According to a new study, neurotoxic pesticides known as "neonics" are not only wiping out the world's bees, but also killing off butterflies, fish, and birds, threatening to wipe out "the heart of a functioning ecosystem". A new study says neonics -- the neurotoxic pesticides behind colony collapse disorder -- can be 5,000 to 10,000 times more toxic to bees than DDT.
"We are witnessing a threat to the productivity of our natural and farmed environment," said Jean-Marc Bonmatin of France's National Centre for Scientific Research, co-author of the report. After studying over 800 reports gathered over 20 years, scientists found "clear evidence of harm" "sufficient to trigger regulatory action". Meanwhile, another recent report shows steady bird declines year after year in areas with neonic use.
Thanks to intense lobbying by Bayer, neonics are the most widely-used pesticides on the planet. But we cannot stand by as these pesticides threaten to destroy the natural ecosystem, including the pollinators that maintain our food supply.
The latest study says these pesticides, absorbed by plants, are also harming other insect pollinators, fish and birds as they leach into soil and water. The most affected species were terrestrial invertebrates such as earthworms, which are crucial soil-enrichers. Bees and butterflies were next, followed by aquatic invertebrates, then birds and finally fish, amphibians and certain microbes.
"The combination of their widescale use and inherent properties, has resulted in widespread contamination of agricultural soils, freshwater resources, wetlands, non-target vegetation, estuarine and coastal marine systems," the authors wrote. The report said there was not enough data to determine whether there was an impact on mammals and reptiles, but "the researchers concluded that it was probable." This four-year assessment was carried out by The Task Force on Systemic Pesticides, which advises the International Union for Conservation of Nature, the world's watchdog on species loss.
Immediately following its release, another study came out that found neonic use responsible for a 3.5% decline in bird populations every year. With these mounting studies finding neonicotinoids responsible, the big pesticide companies are starting to engage in tactics they learned from Big Tobacco by pumping out their own research to cast the blame on mites, climate change -- anything other than their own toxic products. We can't afford pesticide companies to subvert science and threaten our global ecosystems.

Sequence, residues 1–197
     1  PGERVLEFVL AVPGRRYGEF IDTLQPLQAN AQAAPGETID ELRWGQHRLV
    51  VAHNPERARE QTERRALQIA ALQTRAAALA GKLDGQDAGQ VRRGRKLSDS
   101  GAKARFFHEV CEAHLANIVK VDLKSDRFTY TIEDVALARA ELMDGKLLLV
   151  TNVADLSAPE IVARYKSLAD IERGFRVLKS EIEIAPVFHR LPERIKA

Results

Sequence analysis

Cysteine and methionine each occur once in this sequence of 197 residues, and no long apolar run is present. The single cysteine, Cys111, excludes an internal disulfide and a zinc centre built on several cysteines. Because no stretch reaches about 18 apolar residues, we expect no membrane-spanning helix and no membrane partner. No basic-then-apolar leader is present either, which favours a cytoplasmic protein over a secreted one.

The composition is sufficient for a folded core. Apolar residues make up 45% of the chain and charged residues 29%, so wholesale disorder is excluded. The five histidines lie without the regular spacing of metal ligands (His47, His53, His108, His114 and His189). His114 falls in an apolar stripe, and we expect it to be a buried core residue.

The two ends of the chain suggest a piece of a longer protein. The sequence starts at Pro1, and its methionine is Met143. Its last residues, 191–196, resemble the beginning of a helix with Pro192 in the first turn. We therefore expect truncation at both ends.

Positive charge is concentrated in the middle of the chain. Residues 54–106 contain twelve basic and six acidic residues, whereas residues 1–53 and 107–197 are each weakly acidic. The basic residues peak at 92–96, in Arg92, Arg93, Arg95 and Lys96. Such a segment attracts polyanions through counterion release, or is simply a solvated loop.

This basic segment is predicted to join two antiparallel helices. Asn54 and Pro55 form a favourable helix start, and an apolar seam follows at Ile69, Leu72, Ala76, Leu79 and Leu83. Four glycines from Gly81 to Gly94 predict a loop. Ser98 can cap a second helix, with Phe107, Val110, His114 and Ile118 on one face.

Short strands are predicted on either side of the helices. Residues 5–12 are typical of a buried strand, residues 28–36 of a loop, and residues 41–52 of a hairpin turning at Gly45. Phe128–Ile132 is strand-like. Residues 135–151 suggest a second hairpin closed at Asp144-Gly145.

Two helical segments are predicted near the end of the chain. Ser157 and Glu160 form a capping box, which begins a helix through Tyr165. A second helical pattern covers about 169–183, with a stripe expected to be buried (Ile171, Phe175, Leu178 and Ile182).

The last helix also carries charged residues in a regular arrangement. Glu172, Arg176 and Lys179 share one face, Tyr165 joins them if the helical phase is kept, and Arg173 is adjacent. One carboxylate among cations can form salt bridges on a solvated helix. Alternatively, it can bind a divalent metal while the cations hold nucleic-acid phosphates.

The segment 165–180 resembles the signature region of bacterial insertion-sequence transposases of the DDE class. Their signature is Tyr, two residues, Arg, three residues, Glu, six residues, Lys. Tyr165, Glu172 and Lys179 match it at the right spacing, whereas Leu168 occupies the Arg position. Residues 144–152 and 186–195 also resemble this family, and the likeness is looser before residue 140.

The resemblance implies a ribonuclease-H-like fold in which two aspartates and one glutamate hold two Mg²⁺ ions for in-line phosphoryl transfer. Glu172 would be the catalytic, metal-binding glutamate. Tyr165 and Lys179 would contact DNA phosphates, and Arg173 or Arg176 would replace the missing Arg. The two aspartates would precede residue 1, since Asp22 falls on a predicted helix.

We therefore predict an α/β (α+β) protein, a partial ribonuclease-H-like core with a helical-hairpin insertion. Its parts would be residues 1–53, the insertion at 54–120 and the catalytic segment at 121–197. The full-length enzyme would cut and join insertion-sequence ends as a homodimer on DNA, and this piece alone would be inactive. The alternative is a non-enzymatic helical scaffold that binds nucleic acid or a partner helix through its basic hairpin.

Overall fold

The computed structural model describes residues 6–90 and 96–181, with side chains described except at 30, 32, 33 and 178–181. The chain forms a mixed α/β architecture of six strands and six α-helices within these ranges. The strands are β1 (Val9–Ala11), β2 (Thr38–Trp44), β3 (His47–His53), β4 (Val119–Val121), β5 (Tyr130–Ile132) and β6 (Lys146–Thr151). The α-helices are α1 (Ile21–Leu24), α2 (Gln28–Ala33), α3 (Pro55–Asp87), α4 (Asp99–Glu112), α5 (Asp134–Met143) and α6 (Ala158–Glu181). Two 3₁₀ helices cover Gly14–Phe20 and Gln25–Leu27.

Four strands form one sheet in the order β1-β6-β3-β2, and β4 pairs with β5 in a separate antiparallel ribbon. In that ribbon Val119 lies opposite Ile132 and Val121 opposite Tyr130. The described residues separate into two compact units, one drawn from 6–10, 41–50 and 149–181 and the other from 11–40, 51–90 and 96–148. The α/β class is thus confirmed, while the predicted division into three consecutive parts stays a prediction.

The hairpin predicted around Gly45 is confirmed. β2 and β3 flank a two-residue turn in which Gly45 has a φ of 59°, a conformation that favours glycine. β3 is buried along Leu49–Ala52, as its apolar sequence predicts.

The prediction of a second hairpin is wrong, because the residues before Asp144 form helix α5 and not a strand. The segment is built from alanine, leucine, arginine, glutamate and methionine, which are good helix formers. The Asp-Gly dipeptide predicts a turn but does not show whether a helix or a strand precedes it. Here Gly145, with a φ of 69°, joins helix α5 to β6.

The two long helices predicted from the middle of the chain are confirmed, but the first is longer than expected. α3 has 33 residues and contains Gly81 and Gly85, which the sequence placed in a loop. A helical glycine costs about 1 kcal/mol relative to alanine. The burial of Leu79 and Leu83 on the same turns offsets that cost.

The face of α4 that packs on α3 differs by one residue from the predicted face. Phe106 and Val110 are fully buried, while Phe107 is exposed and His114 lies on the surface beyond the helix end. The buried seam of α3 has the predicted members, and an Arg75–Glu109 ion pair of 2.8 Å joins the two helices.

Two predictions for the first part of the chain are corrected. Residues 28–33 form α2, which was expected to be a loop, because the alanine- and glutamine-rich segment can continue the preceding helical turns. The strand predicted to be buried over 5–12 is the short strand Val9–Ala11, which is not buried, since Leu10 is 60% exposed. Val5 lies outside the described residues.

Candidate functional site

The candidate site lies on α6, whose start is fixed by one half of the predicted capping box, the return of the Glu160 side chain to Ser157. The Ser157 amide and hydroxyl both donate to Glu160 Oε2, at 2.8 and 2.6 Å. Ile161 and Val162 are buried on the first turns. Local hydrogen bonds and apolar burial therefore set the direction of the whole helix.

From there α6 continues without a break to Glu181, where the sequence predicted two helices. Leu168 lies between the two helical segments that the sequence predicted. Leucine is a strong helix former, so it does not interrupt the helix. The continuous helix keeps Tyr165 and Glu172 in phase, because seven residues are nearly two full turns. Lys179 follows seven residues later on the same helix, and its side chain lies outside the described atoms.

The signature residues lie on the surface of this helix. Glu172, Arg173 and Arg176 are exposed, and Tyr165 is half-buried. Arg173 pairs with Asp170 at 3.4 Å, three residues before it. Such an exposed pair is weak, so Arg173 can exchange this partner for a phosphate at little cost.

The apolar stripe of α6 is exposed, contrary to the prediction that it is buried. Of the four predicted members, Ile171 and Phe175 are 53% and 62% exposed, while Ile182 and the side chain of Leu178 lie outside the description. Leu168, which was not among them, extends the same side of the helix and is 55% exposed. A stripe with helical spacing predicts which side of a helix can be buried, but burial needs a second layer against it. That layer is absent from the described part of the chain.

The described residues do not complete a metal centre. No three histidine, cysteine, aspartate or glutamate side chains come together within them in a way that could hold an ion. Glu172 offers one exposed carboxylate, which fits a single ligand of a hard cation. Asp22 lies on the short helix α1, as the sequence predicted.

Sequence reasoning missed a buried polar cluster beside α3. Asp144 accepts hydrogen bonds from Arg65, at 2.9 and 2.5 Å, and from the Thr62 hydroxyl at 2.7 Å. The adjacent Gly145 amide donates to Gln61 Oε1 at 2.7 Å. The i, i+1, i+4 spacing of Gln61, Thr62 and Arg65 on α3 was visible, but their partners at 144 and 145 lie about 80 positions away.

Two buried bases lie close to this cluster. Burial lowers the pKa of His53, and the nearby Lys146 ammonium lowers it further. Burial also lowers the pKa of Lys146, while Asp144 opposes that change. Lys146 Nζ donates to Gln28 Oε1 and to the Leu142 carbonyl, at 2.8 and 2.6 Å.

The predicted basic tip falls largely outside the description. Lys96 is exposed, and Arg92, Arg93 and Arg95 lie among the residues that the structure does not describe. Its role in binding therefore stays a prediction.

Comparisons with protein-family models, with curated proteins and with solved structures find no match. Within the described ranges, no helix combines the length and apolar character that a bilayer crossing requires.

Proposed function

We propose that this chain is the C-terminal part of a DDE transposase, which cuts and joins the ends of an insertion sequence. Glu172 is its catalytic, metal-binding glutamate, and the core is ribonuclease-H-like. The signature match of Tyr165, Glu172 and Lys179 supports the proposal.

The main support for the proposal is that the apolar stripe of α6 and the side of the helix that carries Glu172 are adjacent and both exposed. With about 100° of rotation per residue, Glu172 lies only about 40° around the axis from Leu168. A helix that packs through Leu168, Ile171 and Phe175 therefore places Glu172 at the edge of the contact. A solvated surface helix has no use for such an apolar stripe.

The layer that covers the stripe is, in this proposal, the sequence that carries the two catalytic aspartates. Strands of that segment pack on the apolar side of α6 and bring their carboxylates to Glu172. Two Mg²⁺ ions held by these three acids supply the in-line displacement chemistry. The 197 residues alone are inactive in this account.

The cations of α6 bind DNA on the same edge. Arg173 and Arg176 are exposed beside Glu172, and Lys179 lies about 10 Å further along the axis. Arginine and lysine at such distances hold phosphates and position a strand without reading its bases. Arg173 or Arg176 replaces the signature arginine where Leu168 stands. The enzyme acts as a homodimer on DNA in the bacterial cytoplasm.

Neonicotinoids are a set of particularly pernicious pesticides that seeps into every part of the plant, as well as the soil around it. They damages the brains of insects that land to feed on it -- whether they eat the fruit of the plant, or just want the pollen -- and they wash out into the soil where it wipes out most of the surrounding life. At The Story of Stuff, we spend a lot of time focusing on the chemicals in our products. Often, those chemicals have an outsized effect before they even reach us. Millions of tons of pesticides are dumped onto our crops, into our rivers, and carried throughout our ecosystems around the world. This is a clear example of "more" not meaning "better". The more toxins we dump, the more the real pests they are designed to kill grow resistant, and the more the animals we rely on to maintain a clean, healthy planet are endangered. Please join in today in stopping this menace to our food chain.
The Independent: Pesticides linked to mass bee deaths also affect other friendly organisms including birds and fish, June 24, 2014